Background: Hundreds of millions of people worldwide suffer from allergies. The term allergic rhinitis is used to describe symptoms of allergies which include itchy, runny nose, congestion, and sneezing. Eye symptoms may also occur and they include itchy, watery eyes, and redness.

Study: The study detailed below compared Dymista (fluticasone + azelastine) to its individual components and placebo in 3398 patients with allergic rhinitis

Dymista (MP29-02) vs Fluticasone vs Azelastine vs Placebo for allergic rhinitis (AR), Journal of Clinical Immunology (2012) [PubMed abstract]
  • Three separate randomized controlled trials compared the effects of 4 different nasal sprays in a total of 3398 patients with allergic rhinitis. The combined results of the three trials are presented here.
Main inclusion criteria
  • ≥ 12 years old
  • ≥ 2 year history of seasonal allergic rhinitis (SAR)
  • Significant current clinical rhinitis symptomatology
  • Positive skin test to relevant pollen
  • Moderate-to-severe symptom score
Baseline characteristics
  • Average age about 37 years
  • Average length of seasonal allergic rhinitis about 20 years
  • Average total nasal symptom score - 19
Randomized treatment groups
  • Group 1 (848 patients): Combination nasal spray containing fluticasone and azelastine (Dymista®, MP29-02)
  • Group 2 (846 patients): Fluticasone spray
  • Group 3 (847 patients): Azelastine spray
  • Group 4 (857 patients): Placebo spray
  • All sprays were given as 1 spray in each nostril twice daily
  • There was a 7-day placebo spray lead-in period
Primary outcome: The sum of the morning and evening change from baseline in reflective total nasal symptom score (range 0 - 24, 0 = no symptoms, 24 = severe symptoms) over the treatment period

Duration: 2 weeks
Outcome Dymista Fluticasone Azelastine Placebo Comparisons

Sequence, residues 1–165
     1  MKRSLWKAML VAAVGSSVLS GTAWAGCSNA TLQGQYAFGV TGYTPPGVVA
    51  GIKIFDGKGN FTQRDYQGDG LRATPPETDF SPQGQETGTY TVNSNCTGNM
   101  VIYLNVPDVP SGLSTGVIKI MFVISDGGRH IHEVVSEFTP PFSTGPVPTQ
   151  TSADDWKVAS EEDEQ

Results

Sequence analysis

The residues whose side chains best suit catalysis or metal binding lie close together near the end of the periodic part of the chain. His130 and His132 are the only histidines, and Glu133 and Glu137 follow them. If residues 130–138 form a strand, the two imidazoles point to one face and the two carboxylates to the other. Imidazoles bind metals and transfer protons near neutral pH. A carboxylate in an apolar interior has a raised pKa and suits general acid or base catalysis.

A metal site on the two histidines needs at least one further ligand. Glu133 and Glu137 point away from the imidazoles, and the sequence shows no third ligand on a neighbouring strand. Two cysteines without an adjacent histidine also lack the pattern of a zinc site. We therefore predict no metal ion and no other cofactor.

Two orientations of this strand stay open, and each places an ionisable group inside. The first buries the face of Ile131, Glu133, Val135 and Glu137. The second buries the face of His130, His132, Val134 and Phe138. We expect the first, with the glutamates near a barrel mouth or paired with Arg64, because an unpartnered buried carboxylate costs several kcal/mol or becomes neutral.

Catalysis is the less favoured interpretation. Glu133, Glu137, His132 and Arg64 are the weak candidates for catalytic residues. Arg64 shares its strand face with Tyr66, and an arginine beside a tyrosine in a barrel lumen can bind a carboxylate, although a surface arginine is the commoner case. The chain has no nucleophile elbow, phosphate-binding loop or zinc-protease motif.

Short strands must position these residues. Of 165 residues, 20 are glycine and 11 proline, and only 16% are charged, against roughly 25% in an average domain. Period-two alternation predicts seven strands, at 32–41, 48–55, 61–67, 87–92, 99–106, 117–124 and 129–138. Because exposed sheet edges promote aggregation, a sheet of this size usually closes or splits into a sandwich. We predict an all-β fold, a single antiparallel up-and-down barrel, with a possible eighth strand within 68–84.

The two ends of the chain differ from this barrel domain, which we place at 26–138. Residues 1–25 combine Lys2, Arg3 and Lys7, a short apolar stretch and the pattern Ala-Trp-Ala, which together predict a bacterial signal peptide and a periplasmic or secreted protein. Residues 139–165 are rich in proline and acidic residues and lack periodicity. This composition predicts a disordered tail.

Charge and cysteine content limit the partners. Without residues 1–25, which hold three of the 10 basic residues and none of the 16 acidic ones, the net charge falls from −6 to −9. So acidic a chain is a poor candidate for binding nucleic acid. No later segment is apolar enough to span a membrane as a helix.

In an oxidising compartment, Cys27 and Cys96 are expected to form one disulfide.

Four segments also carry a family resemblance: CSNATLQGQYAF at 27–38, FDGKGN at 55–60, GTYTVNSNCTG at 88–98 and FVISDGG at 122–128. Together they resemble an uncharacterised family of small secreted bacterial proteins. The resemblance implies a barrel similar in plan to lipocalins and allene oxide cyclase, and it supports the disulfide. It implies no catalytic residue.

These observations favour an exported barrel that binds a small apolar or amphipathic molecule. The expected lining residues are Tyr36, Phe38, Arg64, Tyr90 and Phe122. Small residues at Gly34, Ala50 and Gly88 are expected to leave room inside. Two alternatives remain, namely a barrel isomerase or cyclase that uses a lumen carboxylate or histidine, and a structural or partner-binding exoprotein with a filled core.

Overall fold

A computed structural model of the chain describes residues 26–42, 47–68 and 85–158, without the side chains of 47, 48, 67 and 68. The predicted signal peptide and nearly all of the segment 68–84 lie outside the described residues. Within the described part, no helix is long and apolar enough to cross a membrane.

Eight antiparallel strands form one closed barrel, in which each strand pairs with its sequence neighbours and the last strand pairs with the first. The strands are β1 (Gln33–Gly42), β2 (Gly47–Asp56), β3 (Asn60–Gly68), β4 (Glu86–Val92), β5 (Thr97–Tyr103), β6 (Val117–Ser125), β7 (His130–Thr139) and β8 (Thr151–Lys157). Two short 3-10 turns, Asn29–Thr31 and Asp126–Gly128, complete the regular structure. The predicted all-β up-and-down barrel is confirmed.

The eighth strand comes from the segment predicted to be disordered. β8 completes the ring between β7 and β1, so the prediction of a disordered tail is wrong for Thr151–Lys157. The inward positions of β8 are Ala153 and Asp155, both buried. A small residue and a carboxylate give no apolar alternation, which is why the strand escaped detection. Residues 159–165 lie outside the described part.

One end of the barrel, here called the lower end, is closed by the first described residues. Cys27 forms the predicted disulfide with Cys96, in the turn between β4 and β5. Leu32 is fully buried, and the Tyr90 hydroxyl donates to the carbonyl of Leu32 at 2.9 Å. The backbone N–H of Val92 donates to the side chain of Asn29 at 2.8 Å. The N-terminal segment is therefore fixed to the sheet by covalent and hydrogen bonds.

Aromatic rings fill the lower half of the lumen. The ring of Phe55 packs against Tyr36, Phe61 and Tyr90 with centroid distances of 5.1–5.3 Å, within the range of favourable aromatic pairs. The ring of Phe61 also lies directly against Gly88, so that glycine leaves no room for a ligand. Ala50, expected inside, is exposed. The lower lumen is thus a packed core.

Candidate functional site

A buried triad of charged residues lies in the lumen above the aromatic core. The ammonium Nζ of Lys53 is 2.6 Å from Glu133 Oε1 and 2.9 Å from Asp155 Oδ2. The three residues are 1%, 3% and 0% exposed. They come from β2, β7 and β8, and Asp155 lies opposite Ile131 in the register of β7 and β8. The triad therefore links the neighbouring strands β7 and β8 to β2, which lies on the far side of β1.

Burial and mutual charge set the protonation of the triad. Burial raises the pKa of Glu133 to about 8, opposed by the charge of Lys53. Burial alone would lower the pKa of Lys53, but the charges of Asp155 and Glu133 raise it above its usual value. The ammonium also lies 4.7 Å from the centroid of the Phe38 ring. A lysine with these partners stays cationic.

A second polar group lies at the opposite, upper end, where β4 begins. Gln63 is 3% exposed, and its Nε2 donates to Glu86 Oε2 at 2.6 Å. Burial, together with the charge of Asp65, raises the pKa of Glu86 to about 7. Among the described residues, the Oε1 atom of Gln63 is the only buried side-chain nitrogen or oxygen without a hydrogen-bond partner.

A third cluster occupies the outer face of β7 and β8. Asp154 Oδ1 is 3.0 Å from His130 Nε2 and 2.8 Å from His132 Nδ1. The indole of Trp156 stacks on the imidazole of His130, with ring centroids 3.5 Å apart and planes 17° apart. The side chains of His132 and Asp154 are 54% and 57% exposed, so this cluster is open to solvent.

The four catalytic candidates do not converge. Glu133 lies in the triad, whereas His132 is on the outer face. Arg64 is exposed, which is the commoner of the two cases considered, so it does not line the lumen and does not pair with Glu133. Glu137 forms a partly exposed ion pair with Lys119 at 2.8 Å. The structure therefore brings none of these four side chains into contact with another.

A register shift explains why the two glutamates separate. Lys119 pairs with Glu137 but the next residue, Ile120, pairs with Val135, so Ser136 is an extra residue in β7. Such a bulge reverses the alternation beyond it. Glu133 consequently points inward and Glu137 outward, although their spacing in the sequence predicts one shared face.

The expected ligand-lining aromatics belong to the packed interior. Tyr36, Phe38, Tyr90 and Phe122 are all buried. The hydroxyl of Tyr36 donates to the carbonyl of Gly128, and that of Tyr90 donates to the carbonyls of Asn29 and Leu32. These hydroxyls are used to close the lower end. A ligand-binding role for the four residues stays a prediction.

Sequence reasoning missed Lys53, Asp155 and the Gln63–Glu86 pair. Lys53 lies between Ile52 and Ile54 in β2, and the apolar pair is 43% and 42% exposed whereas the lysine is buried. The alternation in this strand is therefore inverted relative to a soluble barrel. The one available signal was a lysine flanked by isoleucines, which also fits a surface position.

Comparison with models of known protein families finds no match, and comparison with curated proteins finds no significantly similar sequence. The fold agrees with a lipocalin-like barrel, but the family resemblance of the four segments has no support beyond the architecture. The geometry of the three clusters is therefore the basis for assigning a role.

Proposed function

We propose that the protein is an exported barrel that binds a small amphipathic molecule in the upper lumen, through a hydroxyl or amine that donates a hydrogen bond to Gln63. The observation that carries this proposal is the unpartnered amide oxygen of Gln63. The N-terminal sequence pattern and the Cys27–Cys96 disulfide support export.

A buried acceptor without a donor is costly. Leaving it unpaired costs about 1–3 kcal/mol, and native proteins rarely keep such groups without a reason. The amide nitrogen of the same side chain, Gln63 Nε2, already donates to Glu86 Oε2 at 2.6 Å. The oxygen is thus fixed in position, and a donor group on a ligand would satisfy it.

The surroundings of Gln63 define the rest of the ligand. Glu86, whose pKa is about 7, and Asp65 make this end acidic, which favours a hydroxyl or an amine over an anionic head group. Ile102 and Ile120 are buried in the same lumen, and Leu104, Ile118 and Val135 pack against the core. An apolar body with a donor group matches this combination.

Primary outcome -5.7 -5.1 -4.4 -3.0 Dymista vs others p<0.001
  • Patients using the combination spray had quicker symptom relief (defined as ≥ 50% reduction in symptoms) than patients using fluticasone (up to 3 days earlier) or azelastine (up to 5 days earlier) alone
  • Eye symptoms were significantly improved with all 3 treatment when compared to placebo
  • The most common side effect was bad taste in mouth from the azelastine-containing products (up to 7.2% of subjects)

Findings: MP29-02 represents a novel therapy that demonstrated superiority to 2 first-line therapies for AR. Patients with moderate-to-severe SAR achieved better control, and their symptoms were controlled earlier with MP29-02 than with recommended medications according to guidelines.

Summary: Allergic rhinitis is a common condition that makes millions of people miserable each year. This study showed that the combination of a nasal steroid and a nasal antihistamine was superior to a nasal steroid alone. Perhaps the most significant finding was that the combination spray led to quicker symptom relief (3 - 5 days sooner) than either drug alone. Overall, the absolute difference in symptom relief between the combination spray and the nasal steroid was small (about a 3% difference on the total nasal symptom score). Azelastine may cause a bad taste in up to 20% of patients which can lead to discontinuation.

In conclusion, patients who suffer from seasonal allergic rhinitis may want to try a combination of azelastine and a nasal steroid for quicker, slightly better relief than a nasal steroid alone. The combination product in the study is marketed as Dymista®, and it has a generic. Azelastine and fluticasone are also sold individually and may be cheaper when prescribed separately.